Speaking further, Dr. Ardo, stated that after presenting the draft final report, the next stage is implementation of the plan and noted the need to work faster to recover lost grounds on the work programme.

Speaking on behalf of Pen Prime Consultancy Limited, the company that prepared the draft final report, Dr. Daniel Peverga Dam stated that from the findings, the East-West road when completed would ease traffic and improve safety of the road among other benefits which will ultimately improve socio-economic development and accessibility within and outside the region.

U.K. on Edge Heading Toward Christmas Overshadowed by Omicron - BLOOMBERG

DECEMBER 22, 2021

(Bloomberg) -- Boris Johnson has given Britons the Christmas he has long promised -- some light-touch pandemic restrictions but with no limits on family gatherings. The big question is over what comes next.

When the U.K. prime minister ruled out tighter restrictions in the coming days, he also urged Britons to be cautious and warned tougher curbs may yet be needed after Dec. 25 if an omicron-fueled wave of Covid-19 infections threatens to overwhelm the National Health Service.

The numbers are compelling: until this month, the daily coronavirus caseload had never exceeded 70,000. It’s now been greater than 90,000 in 4 of the past 5 days. Yet that hasn’t -- so far -- led to a significant rise in hospitalizations, meaning there’s uncertainty over the severity of the omicron strain and whether people are still in the phase between infection and serious illness.

Politico reported Wednesday that the U.K. Health Security Agency is set to publish data before Christmas showing omicron is milder than earlier strains -- but not enough to prevent large numbers needing hospital treatment. An official familiar with the matter said no such data have been presented to ministers.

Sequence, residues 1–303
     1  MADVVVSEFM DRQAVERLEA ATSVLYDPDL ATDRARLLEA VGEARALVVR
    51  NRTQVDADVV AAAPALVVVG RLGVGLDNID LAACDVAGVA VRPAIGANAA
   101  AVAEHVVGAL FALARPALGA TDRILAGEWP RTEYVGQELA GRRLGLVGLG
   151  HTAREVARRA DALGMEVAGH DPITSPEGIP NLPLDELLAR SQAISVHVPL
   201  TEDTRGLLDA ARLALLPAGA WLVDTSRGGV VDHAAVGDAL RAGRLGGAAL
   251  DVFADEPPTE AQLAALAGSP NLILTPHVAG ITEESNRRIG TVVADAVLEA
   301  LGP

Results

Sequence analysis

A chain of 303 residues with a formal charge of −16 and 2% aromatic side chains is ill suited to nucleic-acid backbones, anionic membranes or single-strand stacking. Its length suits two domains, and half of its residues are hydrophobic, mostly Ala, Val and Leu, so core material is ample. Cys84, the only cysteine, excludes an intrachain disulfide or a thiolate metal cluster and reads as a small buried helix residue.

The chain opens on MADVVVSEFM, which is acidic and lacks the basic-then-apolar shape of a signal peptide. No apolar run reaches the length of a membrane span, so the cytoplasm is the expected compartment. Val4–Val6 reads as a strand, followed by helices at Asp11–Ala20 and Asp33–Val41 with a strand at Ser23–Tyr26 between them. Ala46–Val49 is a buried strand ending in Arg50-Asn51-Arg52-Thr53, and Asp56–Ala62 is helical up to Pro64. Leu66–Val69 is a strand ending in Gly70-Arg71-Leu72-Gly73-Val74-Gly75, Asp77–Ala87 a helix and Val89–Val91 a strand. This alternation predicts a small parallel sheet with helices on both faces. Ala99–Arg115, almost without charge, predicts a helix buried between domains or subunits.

All of that means it’s unknown whether Johnson will move to tighten rules after the festive break. Complicating matters, he’s promised to recall Parliament from its current break if there are any new measures to vote on. That’s a process that typically takes about 48 hours, and U.K. newspapers are filled with speculation that any recall would be for Dec. 28.

The signs are Johnson is reluctant to make what would be a politically difficult decision to curb the freedoms of Britons again. Last week, 101 Tory MPs opposed lighter-touch Covid measures in a vote in Parliament that was only passed because of support from the opposition Labour Party. 

Tory Opposition

The prime minister would likely face a similar -- or even bigger -- rebellion if he were to try to pass the sort of measures being suggested by the government’s Scientific Advisory Group for Emergencies, including a ban on indoor mixing of different households, limits on the number of people who can meet outdoors, and the closing of indoor hospitality.

That leaves Johnson squeezed between his mutinous MPs and his scientific advisers, who warned last week that more stringent measures were needed “very soon” to avoid daily Covid hospitalizations rising into the thousands.

What happens in London, which has been particularly hard hit by omicron cases, may be key to what happens next. While hospitalizations in the city remain well below the peak last winter so far, they are rising steadily. They’ve more than doubled since Nov. 27, when the U.K. first reported cases of the new strain.

“If you’re going to introduce restrictions, then of course the sooner you introduce it the more effective any of those restrictions are going to be,” SAGE member Mike Tildesley told Sky News on Wednesday. “We’re not there yet in the data to really be able to say confidently the relative severity of omicron.”

Restaurants and Shows Close as Omicron Grips the U.S. - BLOOMBERG